mv /etc/danted.conf /etc/danted.conf.bak

Then use your favorite text editor to create a new configuration file. We’ll be using nano

nano /etc/danted.conf

And copy this configuration, ctrl+x and y and enter to save.

logoutput: syslog

internal: eth0 port = 1080
external: eth0
external.rotation: same-same

socksmethod: username
user.privileged: root
user.notprivileged: nobody
client pass {
	from: to:
	log: connect disconnect error

socks pass {
	from: to:
	protocol: tcp udp

Then restart the Dante proxy server for the configuration to take effect:

service danted restart

That’s it, you’re done, but if it didn’t work it means we may have to alter the configuration or allow it through firewall, which we’ll go over next.

Using the SOCKS5 Proxy

So right now we have the server set up with username & password authentication. Of course later on you should change this to a better configuration, such as not using the root user.

  • For your IP address, put the same IP address that you used to connect to the server via SSH.
  • For the username use root
  • For the port, use 1080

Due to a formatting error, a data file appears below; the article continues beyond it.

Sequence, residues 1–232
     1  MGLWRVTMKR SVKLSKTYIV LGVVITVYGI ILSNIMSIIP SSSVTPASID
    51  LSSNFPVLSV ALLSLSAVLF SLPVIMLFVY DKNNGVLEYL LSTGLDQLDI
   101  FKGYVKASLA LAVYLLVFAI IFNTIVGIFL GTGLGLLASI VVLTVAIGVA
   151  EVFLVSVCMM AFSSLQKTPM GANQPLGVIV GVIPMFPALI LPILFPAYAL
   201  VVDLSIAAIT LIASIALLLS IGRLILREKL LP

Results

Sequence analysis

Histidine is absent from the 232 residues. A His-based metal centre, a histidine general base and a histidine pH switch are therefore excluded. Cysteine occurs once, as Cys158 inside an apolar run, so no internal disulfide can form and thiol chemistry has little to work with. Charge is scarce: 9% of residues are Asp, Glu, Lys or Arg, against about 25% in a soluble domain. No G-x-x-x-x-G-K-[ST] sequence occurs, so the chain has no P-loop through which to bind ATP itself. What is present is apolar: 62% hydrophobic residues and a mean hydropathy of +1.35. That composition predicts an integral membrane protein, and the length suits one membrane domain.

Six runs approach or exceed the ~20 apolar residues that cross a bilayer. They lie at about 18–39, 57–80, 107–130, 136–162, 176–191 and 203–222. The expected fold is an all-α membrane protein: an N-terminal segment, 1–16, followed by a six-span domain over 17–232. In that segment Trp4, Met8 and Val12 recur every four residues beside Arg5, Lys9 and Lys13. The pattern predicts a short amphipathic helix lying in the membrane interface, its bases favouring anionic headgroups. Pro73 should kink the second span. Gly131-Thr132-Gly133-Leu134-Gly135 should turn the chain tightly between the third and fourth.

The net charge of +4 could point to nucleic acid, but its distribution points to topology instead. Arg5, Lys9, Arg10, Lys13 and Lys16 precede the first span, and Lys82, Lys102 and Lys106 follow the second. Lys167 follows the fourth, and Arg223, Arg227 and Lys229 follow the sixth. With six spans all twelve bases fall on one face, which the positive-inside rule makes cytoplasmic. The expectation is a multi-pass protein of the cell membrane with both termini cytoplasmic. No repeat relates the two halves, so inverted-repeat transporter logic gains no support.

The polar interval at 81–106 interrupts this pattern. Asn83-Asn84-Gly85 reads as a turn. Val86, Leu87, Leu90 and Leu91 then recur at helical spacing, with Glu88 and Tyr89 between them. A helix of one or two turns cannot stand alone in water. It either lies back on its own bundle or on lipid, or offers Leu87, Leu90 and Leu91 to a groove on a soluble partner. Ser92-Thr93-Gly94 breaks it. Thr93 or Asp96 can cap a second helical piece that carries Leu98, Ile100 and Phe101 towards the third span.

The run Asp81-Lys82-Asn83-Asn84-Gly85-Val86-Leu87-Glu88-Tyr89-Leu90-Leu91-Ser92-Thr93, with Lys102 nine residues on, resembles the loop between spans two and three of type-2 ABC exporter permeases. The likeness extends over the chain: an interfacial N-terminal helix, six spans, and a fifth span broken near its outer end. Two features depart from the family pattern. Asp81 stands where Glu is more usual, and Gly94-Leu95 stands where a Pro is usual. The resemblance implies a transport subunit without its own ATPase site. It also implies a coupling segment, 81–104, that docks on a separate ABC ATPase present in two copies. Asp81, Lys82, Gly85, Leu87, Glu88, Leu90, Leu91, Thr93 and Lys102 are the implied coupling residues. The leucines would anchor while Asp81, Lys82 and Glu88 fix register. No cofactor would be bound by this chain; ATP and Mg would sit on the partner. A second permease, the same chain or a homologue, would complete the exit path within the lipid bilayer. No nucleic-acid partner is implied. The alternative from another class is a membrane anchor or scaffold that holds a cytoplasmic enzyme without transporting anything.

• For the password use your root password.

Modifying Configuration & Troubleshooting

Let’s explain what this configuration means very quickly for the most important portions:

  • The internal: eth0 is where traffic enters and external: eth0 is where it leaves
  • The external.rotation: same-same means it uses the same entry and exit points, which means if you connect to one public IPv4 address (if you have multiple) it will leave that same IPv4 address (appear as that IPv4 address to servers you communicate with such as the application you use the proxy on.)
  • The socksmethod: username means you’ll authenticate with a user on your VPS.
  • The user.privileged: root means that the user called “root” is allowed.
  • For the pass portions, the to: portion means we’re allowing anyone to connect to the proxy server, which means anyone who provides the correct username and password from anywhere in the world (we can lock this down further later.)

Allowing Firewall